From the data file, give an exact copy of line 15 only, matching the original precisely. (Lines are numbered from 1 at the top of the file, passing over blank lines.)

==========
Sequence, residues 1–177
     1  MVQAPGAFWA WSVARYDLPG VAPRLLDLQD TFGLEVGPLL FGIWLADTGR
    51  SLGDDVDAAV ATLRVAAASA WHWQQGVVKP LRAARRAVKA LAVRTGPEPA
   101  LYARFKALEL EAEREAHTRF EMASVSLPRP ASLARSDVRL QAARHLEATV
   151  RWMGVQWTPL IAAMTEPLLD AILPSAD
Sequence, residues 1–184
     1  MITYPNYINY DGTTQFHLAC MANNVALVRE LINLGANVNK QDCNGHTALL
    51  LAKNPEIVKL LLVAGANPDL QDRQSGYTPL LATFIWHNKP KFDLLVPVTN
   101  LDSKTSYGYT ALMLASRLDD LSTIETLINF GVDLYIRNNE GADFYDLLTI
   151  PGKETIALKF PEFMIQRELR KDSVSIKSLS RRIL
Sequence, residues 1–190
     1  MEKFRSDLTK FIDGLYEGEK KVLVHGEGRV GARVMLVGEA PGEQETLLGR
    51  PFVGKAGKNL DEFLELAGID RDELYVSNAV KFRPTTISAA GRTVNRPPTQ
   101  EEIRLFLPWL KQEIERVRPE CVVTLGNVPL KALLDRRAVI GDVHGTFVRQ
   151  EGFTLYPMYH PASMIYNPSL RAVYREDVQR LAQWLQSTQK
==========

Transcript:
   151  EGFTLYPMYH PASMIYNPSL RAVYREDVQR LAQWLQSTQK